MHW: Iceborne Devs Care About Work-Life Balance

Monster Hunter World: Iceborne is packed with tons of new content, but that's not stopping Capcom from slowing down and caring about its employees. In a recent interview, one of the game's directors confirmed the company's stance on maintaining a healthy work-life balance, even towards the hectic end of development.
MHW: Iceborne Devs Care About Work-Life Balance

MHW: Iceborne Devs Care About Work-Life Balance

It hasn’t been an easy week for gaming news. Between allegations of industry legends being accused of abuse and respected developers losing their lives, it seems like a tragedy occurs every other day. In the midst of all this, Capcom offers some more optimistic news. The launch of the highly-anticipated Monster Hunter World: Iceborne may only be a few days away, but Capcom says it’s determined to avoid crunch and to maintain a healthy work-life balance for all developers.

Speaking to EurogamerMonster Hunter World director Kaname Fujioka described Capcom as being dedicated to providing a healthy work-life environment for its developers, even if crunch is nearly inevitable towards the end of development.

There’s always the tough periods at the end of development, in particular, where there’s a lot of work to do and not much time left to do it in, but as a company we do value people having core time: you come in the morning and you’ve got time to go home, you try to get the work done as much as possible in that time. Of course there’s always overtime and extra work to be done, and people are so passionate about the games they’re making that if you left them to their own devices, sometimes you’d have to tell them to go home because they really want to keep working on it and keep making it better. But overall, the company is really serious about people making sure they’re keeping their work-life balance in check, and as long as you’re getting the work done, nobody’s being tied to their chair.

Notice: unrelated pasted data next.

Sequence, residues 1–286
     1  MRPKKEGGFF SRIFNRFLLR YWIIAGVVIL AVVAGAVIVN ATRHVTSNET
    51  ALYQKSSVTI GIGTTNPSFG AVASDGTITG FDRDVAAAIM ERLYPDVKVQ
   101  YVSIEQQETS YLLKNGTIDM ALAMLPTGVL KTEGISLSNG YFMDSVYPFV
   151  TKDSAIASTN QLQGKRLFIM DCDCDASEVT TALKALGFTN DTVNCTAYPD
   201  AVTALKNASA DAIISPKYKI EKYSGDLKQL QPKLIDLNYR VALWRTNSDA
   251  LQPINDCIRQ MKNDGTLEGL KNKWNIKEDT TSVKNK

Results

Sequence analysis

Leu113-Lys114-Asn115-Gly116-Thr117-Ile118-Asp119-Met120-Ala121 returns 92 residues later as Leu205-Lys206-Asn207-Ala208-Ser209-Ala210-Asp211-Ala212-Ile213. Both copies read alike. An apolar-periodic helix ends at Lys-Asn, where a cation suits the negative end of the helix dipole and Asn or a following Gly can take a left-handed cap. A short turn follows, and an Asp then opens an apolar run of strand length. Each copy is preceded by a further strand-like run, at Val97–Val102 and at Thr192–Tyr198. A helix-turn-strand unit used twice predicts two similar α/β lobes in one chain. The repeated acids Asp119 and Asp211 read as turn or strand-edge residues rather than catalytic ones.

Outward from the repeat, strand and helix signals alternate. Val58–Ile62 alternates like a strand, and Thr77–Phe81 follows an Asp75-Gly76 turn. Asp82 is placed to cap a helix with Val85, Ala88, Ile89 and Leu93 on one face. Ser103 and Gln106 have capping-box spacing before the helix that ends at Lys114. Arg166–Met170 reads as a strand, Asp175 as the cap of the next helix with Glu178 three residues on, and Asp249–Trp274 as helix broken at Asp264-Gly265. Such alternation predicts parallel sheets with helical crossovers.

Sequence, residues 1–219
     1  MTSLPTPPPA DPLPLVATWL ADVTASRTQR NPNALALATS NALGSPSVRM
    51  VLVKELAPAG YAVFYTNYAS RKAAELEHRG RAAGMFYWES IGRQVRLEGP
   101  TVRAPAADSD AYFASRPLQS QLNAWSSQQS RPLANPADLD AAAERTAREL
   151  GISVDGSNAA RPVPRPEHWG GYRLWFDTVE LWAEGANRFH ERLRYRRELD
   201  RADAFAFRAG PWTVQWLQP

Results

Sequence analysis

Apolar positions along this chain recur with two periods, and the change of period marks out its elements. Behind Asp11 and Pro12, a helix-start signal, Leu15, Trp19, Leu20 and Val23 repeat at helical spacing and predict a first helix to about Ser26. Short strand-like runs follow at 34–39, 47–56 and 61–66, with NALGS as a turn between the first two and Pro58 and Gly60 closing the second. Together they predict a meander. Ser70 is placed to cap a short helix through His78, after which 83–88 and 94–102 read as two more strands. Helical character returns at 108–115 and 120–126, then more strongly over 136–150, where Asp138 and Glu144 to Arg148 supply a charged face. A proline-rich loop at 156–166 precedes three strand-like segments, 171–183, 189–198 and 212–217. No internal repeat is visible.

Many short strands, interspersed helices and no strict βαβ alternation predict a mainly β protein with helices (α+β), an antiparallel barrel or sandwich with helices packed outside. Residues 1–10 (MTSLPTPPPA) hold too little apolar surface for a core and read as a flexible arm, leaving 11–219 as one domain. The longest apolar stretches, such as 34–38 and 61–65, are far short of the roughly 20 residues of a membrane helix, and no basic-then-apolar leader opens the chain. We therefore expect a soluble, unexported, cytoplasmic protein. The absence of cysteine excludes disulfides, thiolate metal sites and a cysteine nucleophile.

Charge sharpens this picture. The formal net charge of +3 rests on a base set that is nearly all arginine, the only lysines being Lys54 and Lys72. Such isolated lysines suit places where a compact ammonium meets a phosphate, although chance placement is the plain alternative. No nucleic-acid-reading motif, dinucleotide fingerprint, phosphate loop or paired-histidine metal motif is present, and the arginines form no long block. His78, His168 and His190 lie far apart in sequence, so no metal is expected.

-Kaname Fujioka, director, Monster Hunter World

While Capcom management generally tries to enforce these restrictions, Fujioka said it often comes down to personal responsibility. He said that “Everyone thinks ‘if I spent another hour on this, I could make it a bit better,’ but you have to draw the line somewhere, and part of our job as the heads of the development team is to make sure no-one’s overdoing it and causing themselves health issues or anything like that.”

These policies haven’t kept Capcom from stuffing Iceborne with a massive helping of content, including everything from quality of life improvements to new multiplayer enhancements to fan-favorite monsters making their long-awaited returns. Hunters won’t have long to wait, since the expansion launches on September 6 for PS4 and Xbox One, while it will also release on PC in January 2020.

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